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Liposome bupivacaine for postsurgical pain in an obese woman with chronic pain undergoing laparoscopic gastrectomy: a case report.

Bertin PM - J Med Case Rep (2014)

Bottom Line: To reduce incidence and severity of postsurgical pain and minimize the effect of its clinical and economic correlates, multimodal therapy for surgical patients is recommended.At the conclusion, 25mL of normal sterile saline was added to a 20mL vial of liposome bupivacaine (266mg) and injected around the port sites and at the site of liver retraction.Given her complex medical history and previous issues with acute and chronic pain, we consider these results highly successful and continue to use liposome bupivacaine as part of a multimodal analgesic regimen in an effort to optimize postsurgical pain management.

View Article: PubMed Central - HTML - PubMed

Affiliation: Excela Health Westmoreland Hospital, 532 West Pittsburgh Street, Greensburg, PA 15601, USA. pbertin@ExcelaHealth.org.

ABSTRACT

Introduction: To reduce incidence and severity of postsurgical pain and minimize the effect of its clinical and economic correlates, multimodal therapy for surgical patients is recommended. In this report, we discuss the use of liposome bupivacaine, a novel multivesicular formulation of bupivacaine indicated for single-dose infiltration into the surgical site to produce postsurgical analgesia, as part of a multimodal analgesic regimen in a patient with a history of chronic pain scheduled to undergo laparoscopic sleeve gastrectomy. To the best of our knowledge, this is the first published report of liposome bupivacaine in the setting of laparoscopic sleeve gastrectomy.

Case presentation: A 35-year-old white woman with morbid obesity was admitted for laparoscopic sleeve gastrectomy to lose weight prior to hip replacement surgery. Because of a complicated medical history that included rheumatoid arthritis, fibromyalgia, diabetes mellitus, hypertension, and chronic pain, for which she was receiving high doses of opioid analgesics, postsurgical pain management was a concern and she was considered a candidate for multimodal analgesia. At initiation of surgery, 50mL of lidocaine and epinephrine was infiltrated around the port sites. At the conclusion, 25mL of normal sterile saline was added to a 20mL vial of liposome bupivacaine (266mg) and injected around the port sites and at the site of liver retraction. Laparoscopic sleeve gastrectomy was successfully completed. Our patient was discharged to the postanesthesia care unit for approximately four hours before discharge to the surgical floor with a pain score of 5 (11-point scale; 0 = no pain, 10 = worst possible pain). Her postoperative course was uneventful; no adverse events were recorded during surgery or during the remainder of her hospital stay. Our patient was discharged on the same opioid regimen used previously for control of her preexisting chronic pain.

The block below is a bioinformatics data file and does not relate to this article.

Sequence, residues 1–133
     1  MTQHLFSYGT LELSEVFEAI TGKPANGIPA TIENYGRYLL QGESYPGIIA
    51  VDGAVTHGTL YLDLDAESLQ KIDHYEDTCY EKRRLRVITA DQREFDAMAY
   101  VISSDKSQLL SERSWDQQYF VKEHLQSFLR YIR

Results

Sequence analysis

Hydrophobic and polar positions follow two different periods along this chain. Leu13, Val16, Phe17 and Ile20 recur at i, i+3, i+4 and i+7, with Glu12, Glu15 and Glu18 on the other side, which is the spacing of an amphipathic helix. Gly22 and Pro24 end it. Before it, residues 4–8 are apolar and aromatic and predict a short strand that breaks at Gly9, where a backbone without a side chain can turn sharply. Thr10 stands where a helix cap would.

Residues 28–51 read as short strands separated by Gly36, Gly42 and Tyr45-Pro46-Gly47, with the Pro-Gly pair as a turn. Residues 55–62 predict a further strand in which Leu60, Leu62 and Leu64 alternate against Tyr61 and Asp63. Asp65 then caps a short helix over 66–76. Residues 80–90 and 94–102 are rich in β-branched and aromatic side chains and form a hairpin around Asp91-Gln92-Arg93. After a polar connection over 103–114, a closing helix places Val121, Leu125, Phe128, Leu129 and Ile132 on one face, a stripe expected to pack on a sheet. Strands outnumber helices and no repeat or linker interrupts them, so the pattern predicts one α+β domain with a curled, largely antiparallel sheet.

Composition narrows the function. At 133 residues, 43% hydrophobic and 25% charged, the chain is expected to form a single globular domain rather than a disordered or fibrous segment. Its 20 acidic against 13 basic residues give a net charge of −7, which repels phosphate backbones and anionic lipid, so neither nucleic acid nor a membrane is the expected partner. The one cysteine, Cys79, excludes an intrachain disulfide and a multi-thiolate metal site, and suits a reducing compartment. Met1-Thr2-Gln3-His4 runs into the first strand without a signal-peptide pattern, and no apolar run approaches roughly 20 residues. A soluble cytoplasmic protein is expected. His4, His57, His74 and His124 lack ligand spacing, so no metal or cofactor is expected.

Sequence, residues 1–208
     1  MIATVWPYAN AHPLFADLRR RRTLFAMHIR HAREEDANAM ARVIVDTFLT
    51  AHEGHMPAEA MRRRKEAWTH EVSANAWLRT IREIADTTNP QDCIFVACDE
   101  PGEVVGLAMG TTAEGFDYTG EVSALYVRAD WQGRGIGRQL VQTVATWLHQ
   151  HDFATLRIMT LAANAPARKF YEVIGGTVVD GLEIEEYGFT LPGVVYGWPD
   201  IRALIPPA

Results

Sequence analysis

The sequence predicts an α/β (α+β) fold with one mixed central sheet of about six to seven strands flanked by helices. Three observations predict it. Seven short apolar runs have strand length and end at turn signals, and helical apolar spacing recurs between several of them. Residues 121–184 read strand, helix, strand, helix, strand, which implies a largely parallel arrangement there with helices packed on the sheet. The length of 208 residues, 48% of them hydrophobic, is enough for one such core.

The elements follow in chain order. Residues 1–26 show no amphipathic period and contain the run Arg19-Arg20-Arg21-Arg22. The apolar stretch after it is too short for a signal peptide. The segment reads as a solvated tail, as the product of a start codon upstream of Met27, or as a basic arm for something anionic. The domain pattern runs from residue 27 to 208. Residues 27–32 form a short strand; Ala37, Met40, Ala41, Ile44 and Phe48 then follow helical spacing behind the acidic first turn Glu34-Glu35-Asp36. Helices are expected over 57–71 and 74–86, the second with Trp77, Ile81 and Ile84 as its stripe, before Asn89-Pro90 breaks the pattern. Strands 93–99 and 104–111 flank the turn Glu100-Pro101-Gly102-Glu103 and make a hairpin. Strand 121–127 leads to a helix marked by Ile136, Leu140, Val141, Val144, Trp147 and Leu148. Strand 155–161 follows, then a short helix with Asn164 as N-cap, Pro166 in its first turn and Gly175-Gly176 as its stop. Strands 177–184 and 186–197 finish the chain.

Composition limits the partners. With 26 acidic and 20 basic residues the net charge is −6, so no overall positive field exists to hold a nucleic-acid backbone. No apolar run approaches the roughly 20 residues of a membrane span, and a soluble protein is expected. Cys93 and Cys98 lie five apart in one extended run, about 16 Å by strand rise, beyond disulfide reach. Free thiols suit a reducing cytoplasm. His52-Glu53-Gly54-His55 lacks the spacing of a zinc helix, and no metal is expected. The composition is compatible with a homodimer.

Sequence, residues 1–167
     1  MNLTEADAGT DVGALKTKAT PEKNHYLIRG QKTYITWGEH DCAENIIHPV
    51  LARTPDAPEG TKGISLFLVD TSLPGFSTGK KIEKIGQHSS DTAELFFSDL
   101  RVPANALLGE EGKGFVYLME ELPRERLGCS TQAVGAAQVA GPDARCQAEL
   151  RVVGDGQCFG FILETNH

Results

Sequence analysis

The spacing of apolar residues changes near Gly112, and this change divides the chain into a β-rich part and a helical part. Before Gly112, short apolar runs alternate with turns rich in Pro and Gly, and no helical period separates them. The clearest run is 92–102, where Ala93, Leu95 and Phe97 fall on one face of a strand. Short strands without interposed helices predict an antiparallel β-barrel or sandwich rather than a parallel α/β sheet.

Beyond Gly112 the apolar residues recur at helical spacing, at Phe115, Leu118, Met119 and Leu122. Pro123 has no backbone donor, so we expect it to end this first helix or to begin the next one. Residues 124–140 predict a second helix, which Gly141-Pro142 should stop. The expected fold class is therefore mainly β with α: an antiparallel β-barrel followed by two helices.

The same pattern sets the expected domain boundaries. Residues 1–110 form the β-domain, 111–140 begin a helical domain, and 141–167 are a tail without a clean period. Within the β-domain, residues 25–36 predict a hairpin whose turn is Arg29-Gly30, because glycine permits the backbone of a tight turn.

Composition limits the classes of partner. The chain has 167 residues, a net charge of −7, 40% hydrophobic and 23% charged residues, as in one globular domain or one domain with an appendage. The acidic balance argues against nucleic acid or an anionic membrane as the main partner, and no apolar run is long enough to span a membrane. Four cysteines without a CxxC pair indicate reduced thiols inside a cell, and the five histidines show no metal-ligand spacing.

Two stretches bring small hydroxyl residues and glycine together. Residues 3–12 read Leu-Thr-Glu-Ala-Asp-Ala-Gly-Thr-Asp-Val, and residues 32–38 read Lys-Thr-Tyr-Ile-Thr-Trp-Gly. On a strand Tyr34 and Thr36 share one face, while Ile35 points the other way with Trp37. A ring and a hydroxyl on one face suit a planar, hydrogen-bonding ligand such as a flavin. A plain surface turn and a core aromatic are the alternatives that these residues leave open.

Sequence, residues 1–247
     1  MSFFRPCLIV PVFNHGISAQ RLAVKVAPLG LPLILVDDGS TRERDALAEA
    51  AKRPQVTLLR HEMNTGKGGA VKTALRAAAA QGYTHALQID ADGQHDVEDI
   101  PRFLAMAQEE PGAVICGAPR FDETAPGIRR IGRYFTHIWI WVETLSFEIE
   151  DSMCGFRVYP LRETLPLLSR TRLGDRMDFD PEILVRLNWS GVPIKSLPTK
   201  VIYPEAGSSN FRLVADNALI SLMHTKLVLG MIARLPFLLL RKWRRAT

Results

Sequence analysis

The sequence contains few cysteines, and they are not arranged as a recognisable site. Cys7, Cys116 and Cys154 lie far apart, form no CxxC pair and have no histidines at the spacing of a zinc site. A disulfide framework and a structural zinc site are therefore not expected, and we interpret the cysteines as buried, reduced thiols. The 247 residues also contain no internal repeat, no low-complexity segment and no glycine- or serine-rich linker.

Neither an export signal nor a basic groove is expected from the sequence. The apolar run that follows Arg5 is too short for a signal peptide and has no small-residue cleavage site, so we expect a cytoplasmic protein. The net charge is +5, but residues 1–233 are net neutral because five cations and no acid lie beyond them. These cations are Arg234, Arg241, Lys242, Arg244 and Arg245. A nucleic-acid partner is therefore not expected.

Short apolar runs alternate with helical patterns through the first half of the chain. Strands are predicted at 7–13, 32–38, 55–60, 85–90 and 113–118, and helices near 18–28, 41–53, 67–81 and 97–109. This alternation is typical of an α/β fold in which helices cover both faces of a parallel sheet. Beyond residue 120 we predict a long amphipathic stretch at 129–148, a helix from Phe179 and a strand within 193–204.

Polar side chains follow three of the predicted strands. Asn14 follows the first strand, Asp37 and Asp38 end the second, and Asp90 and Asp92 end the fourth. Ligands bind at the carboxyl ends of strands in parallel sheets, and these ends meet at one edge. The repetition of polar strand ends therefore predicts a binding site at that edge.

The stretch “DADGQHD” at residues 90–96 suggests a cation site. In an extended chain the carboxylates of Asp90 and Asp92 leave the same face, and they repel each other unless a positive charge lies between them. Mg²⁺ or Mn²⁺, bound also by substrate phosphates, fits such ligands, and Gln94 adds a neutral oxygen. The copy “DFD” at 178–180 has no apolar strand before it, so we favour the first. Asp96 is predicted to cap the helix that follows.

Conclusions: Liposome bupivacaine use in this morbidly obese patient undergoing laparoscopic sleeve gastrectomy provided analgesic efficacy and limited postsurgical opioids to a level comparable with her baseline opioid regimen for chronic pain. Given her complex medical history and previous issues with acute and chronic pain, we consider these results highly successful and continue to use liposome bupivacaine as part of a multimodal analgesic regimen in an effort to optimize postsurgical pain management.

No MeSH data available.


Related in: MedlinePlus

Laparoscopic view of infiltration of liposome bupivacaine at 12-mm port site. (a) Insertion of needle into deep tissue layers. Advancement of needle is stopped just prior to penetration of the parietal peritoneum. (b) Infiltration of liposome bupivacaine and dispersion of fluid to form a wheal (outlined by white oval). This process was repeated in four quadrants around the site of the trocar to form a field block. Photographs courtesy of Peter M. Bertin, DO.
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Figure 1: Laparoscopic view of infiltration of liposome bupivacaine at 12-mm port site. (a) Insertion of needle into deep tissue layers. Advancement of needle is stopped just prior to penetration of the parietal peritoneum. (b) Infiltration of liposome bupivacaine and dispersion of fluid to form a wheal (outlined by white oval). This process was repeated in four quadrants around the site of the trocar to form a field block. Photographs courtesy of Peter M. Bertin, DO.